November 11, 2008
Feeder cattle prices and beef demand may weaken next year, but much depends on the 2009 corn crop, said a beef cattle expert from the University of Wyoming.
If next year's corn crop is good, then the second half of 2009 may not be much different from this year, said Chris Bastian, assistant professor in the Department of Agricultural and Applied Economics.
If the US cattle herd continues to shrink, feeder cattle supply will contract by 2010 at which point calf prices could start to rebound. On the other hand, Bastian expects increased demand for heavy weight feeder cattle to continue.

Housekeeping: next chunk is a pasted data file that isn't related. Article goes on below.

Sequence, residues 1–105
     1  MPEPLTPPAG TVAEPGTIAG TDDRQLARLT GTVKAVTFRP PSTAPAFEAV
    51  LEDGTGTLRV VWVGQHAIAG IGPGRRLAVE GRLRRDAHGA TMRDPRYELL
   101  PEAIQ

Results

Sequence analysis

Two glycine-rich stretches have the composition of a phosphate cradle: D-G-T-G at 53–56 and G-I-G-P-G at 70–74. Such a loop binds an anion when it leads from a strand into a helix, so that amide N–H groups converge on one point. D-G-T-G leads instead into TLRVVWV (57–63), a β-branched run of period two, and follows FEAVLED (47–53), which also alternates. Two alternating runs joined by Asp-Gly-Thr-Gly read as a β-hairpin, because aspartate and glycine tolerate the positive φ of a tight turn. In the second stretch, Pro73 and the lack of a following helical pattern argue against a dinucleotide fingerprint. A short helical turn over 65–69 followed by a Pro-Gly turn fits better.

Higher corn prices in the near-term prompts more demand among feeders for heavier cattle because they have to be on feed for a shorter time but fetch a more profitable price, said Bastian.
As a result, demand for lighter weight feeder cattle has weakened, while the price difference on a hundredweight basis between light and heavy cattle decreases.
Bastian said the price environment is likely to continue into 2009, and that the US economy and fuel cost will affect demand.
"What goes on in the macro economy makes a difference to us," Bastian said.
US beef imports are 23-percent lower than in 2007 year-to-date through August, said the USDA Economic Research Service. However, increases are expected in 2009 as the US dollar strengthens and domestic cow slaughter declines.
US beef exports are expected to benefit from strong Asian demand, despite global economic slowdown. US exports are projected to grow 10 percent in 2009.